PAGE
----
Right now Gelate can only be found at Siam Paragon, but Kittiungool plans to open outlets in Central World Plaza and The Mall Ngam Wong Wan in the coming months. “I’d love to have an shop with fresh ice cream made on-site, and a Lambretta hanging from the ceiling!” the young entrepreneur tells me while I try finish every last drop of my ice cream. Gauging by the product he’s created, it seems like it’s only a matter of time.
Gelate is located inside Gourmet Market, basement floor, Siam Paragon.
Can anybody recommend a site that offers a good tutorial on how to change my template using HTML? I’d like to do some very basic things to this blog (make a lefthand sidebar, pull the right sidebar over where it should be) but can’t figure out how. I’ve been looking at the source code of other blogs, but haven’t been able to apply them to mine without messing everything up! Any help/advice would be appreciated greatly…
Today was a clean out the fridge kinda dinner, and here’s some of what I came across:
Long beans, pork, curry paste… I know what you’re thinking: You can make phat phrik khing! Well, that’s what I thought, and here’s how to go about it.
Phat phrik khing is a very easy dish to make, and is probably one of the first Thai dishes I ever learned to make. I think most of the ingredients, including the curry paste, are generally available in the West nowadays, so go ahead and give this one a try if you’re new to Thai food. Going from my mise en place, here’s exactly what you’ll need:
Starting at 6 o’clock you have some parboiled long beans. These are made by taking long beans, chopping them into 1-inch lengths, and boiling them in salty water, immediately plunging them into cool water to stop the cooking process. Actually you don’t have to parboil the beans first–you can just fry them in the curry, but I think this is easier. Continuing clockwise we have three or four kaffir lime leaves sliced as finely as possible, sugar, water, cooking oil and fish sauce. At 3 o’clock we have some phat phrik khing curry paste that I bought pre-made a few days ago. And in the middle is pork cut into bite-sized pieces.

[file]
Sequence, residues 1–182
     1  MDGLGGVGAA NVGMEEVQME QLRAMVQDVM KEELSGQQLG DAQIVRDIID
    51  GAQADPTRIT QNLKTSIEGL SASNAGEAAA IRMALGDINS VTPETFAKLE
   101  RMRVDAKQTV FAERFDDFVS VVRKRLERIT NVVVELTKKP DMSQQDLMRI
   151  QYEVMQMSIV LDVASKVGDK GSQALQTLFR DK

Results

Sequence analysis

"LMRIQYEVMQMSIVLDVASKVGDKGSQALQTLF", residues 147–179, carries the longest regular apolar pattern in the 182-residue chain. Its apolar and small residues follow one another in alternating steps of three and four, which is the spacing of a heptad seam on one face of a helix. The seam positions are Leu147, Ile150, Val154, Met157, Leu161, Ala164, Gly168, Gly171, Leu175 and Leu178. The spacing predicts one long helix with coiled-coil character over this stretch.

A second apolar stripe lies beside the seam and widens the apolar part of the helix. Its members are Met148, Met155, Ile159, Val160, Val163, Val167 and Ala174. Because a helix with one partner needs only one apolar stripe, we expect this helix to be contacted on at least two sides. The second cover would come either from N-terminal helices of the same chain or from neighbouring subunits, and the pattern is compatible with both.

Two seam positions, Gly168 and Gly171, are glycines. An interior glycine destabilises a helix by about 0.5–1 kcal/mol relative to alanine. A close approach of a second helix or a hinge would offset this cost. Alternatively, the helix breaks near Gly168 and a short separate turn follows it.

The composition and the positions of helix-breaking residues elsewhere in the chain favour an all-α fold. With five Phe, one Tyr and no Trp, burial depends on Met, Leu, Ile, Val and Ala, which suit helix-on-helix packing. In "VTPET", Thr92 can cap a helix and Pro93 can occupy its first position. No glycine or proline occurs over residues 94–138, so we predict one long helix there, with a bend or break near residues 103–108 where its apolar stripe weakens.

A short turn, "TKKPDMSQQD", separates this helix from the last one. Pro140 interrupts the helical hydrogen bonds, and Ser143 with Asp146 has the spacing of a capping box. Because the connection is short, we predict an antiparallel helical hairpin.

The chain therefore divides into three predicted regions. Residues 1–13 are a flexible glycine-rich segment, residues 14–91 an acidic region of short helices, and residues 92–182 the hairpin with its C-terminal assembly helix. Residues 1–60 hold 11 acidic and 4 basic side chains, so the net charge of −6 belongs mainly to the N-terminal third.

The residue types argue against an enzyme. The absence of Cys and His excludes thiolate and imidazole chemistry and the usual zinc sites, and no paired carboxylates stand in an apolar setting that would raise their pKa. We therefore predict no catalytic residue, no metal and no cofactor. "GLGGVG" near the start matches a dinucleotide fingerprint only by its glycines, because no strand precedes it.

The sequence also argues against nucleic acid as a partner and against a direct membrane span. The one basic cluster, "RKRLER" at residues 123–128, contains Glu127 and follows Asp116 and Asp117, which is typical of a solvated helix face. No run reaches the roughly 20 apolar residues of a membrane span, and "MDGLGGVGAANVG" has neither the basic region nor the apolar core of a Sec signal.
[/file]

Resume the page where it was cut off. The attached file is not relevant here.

First, using a generous amount of oil, fry the curry paste over med-high heat in a wok until it is fragrant and a layer of red oil has begun to emerge:
Then add your pork, coating it with the curry paste:
Continue frying and stirring until the pork is fully cooked, at which point the mixture should be quite dry. Add about a 1/2 cup or so of water, turning up the heat, and fry, stirring constantly, until the mixture is reduced and curry-like:
At this point season the mixture to taste with fish sauce and sugar (Thais like this dish sweet–I don’t), and add your long beans and kaffir lime leaf slivers. As the long beans are already cooked, you really just want to heat them through here:
And you’re done:
You could make with any meat you like–my particular favorite is big chunks of a particular kind of crispy dried fish–but pork is the most common. I had mine with hot rice and a fried egg.